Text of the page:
Tuesday, December 15, 2009

book review - Journey to Nowhere - Eva Figes

The story of what happened to the victims of Nazi Germany is one that has been told many times before from both a historical perspective as well as through personal accounts. But rarely do those stories go much past 1945 following the story of one Jewish woman who was not just exposed to the extremes of fascism but also Zionism.

Eva Figes tell not just her own story, which is dominated not just by the war but by a failed relationship with her mother, as well as the story of the maid who returned to them in London after a gap of years following the wartime departure of Eva’s family from Berlin.

The story of Edith who is a quiet woman without too much selfishness and ambition is one that serves to highlight the cruelty that can be handed out even by those wearing the mask of friendship.

Having survived barely the years of Nazi rule by luck and the kindness of others Edith is then bullied into going to Israel to start a fresh life. Once there she discovers that the victims of the Nazis are disliked, victimised again and the dream of communal happiness is a bitter illusion.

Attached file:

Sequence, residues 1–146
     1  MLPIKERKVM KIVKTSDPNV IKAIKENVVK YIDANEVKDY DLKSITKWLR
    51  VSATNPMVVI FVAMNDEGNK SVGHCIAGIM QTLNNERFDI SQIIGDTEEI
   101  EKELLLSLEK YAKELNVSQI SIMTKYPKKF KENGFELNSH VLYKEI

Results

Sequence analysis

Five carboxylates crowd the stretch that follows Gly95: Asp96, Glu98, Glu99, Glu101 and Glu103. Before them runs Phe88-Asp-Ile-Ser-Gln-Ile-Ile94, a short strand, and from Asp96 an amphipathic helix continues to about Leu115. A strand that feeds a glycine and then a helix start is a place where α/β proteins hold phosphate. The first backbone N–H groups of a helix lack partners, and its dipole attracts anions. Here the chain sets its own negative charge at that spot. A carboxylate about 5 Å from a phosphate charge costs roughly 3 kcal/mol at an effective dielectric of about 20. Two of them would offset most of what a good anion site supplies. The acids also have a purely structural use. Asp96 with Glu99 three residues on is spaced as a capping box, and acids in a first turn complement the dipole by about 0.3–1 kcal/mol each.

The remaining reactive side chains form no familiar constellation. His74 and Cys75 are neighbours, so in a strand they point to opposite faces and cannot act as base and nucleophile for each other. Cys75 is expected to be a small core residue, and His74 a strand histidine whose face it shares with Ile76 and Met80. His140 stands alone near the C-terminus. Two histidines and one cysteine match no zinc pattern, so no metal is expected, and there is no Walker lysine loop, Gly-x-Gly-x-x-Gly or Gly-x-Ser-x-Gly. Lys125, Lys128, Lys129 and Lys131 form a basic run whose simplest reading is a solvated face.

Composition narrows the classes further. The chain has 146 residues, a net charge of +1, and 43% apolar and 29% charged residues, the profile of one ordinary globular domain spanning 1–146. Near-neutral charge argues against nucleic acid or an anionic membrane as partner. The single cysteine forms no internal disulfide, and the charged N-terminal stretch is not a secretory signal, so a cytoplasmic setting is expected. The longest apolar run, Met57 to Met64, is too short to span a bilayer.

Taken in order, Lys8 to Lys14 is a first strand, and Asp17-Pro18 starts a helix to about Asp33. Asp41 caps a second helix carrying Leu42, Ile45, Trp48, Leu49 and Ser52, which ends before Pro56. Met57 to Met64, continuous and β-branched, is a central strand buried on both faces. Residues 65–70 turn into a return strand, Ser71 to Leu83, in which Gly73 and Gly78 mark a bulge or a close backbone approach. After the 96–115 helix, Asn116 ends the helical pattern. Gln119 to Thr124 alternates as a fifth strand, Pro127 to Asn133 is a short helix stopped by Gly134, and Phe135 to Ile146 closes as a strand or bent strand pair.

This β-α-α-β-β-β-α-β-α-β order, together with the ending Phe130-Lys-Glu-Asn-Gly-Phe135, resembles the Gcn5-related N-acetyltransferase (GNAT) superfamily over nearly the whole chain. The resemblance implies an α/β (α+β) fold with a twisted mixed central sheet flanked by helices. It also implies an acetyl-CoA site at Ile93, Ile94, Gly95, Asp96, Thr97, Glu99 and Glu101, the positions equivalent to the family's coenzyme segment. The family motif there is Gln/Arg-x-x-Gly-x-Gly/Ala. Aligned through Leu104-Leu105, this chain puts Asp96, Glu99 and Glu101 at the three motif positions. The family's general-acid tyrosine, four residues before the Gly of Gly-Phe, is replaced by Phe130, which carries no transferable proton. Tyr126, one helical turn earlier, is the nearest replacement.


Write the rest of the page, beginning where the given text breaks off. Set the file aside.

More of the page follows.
Edith returns to London to try and find refuge with her old employers. Now proud to consider themselves part of British society a reminder of the past is not welcomed by Eva’s parents. Her mother in particular shows a cruelty to a former employee reduced to complete loneliness that is also shown to her daughter. The obsession with her position in society and her unwillingness to engage with her daughter or Edith leaves a bitter taste that Eva is still dealing with.

In some respects this is not only a historical record of what happened but a living document aimed at challenging those who are blind supporters of Israel. The idea that it was a perfect place is punctured pretty quickly but Eva, in her position as a Jew, is also prepared to take on the sense that the Israeli state has of being a victim.

She has inevitably suffered for her views the insult of those keen to label her anti-Semitic. But as the tale of Edith shows clearly cruelty doesn’t have to wear a black uniform with a swastika armband for it to hurt.

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